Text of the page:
September 04, 2017
I recently started working in an Angular project where I’m not able to use vim-projectionist to navigate the code. vim-projectionist is awesome, and I’ve grown used to it. Searching for files by name, in a code base with hundreds of files, started to become painful and I needed an alternative. Because I couldn’t find a plug-in that satisfied my needs, I decided to do it myself. In this article, I hope to demonstrate how you can program Vim using Ruby.
Let’s say that you have an HTML file that looks like this:
... <div class="timepicker"> <timepicker> ... </timepicker> </div> ...
When the cursor is on line two or four (the
timepicker tag), you want to
In this project, every directive is in the folder
where the directive’s name is also the file’s name. If the name has more than
one word, such as chart-timepicker, the file name would be snake case:
I’m assuming you don’t know enough VimScript to make this work (I don’t), but fear not, if you compiled Vim with Ruby support, this will be enough:
It’s a Vim function that you can trigger with
C-] or call with
:call AngularTemplateToDirective() (or map to a shortcut). Notice that it uses
a module called
VIM on line three. That module comes from Vim and it allows us
to control it from the Ruby. If you want to learn more use
:help ruby inside
This function fetches the current buffer and the current line. If the line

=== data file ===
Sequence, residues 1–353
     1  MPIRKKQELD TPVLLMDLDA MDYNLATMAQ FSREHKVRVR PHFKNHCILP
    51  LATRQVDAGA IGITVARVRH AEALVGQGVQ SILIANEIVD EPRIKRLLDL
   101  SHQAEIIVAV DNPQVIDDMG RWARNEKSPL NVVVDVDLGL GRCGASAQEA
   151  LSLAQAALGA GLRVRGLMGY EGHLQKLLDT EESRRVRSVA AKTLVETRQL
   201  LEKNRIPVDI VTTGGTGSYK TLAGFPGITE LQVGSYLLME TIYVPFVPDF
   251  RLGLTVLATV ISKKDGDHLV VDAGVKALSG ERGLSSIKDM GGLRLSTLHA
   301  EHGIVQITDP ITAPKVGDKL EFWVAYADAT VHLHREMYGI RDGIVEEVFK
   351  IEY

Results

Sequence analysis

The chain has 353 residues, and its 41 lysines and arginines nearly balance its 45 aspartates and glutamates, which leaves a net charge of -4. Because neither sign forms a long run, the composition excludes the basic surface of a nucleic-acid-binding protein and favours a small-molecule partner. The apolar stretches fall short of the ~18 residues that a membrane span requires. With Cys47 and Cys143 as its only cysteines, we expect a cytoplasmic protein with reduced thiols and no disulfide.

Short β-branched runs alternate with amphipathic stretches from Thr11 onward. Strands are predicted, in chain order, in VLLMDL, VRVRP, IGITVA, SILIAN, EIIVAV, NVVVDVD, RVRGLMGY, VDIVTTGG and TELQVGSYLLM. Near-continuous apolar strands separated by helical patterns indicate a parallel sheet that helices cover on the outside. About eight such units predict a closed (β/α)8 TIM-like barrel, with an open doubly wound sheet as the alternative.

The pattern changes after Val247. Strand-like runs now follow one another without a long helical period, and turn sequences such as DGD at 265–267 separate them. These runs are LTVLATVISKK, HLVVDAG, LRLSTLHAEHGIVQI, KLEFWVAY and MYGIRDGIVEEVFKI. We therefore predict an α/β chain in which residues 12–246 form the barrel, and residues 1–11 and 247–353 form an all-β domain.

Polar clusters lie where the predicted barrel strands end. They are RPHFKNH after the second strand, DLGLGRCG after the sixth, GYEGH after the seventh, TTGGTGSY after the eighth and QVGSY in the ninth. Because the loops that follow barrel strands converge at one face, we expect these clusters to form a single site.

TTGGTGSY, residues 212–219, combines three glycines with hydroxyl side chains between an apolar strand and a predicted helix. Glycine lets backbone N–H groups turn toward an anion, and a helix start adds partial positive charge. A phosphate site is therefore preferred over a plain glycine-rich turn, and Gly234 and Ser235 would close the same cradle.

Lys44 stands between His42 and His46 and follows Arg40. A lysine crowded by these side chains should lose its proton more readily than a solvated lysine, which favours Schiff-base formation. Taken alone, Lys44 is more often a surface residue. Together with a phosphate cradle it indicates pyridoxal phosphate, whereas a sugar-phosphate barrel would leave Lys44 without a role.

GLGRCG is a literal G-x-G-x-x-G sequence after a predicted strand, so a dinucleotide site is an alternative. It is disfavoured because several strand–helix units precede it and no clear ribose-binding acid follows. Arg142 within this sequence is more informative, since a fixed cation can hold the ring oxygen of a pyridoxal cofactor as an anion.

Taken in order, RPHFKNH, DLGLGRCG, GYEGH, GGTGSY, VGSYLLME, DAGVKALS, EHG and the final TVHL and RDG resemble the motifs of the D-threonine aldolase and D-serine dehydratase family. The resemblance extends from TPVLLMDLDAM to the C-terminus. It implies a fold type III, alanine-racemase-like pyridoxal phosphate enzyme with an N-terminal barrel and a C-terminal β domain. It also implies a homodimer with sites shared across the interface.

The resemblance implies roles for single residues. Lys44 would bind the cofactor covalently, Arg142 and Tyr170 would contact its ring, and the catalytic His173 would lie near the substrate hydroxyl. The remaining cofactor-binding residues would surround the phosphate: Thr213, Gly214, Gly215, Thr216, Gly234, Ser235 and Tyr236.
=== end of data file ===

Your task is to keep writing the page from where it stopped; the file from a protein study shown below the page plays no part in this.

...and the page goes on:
matches an HTML tag (something like
<timepicker something>), it takes the tag’s name, turns it to snakecase, and
opens the corresponding directive’s file.
Cool right? Five years using Vim and there’s still so much to learn!
With the function above, you can open directives from the HTML. How nice would it be to open CSS files from the HTML as well?
Taking the previous HTML example, when I’m in a line with
want to open the BEM component named
timepicker that, by
convention, sits in
Building on the previous implementation, you first check if the current line
class=", if not then look for the tag using the code from before. If
it does match, you extract the component’s name from the class, turn it into
snake case and open the file:
I know that this code could be better, but I’m not concerned with that because it’s part of my Vim configuration, I’m always changing it, and it actually works!
I hope that you’ve found something new in this blog post. If you’re looking for more ideas for your Vim setup, check out this blog post from Miguel.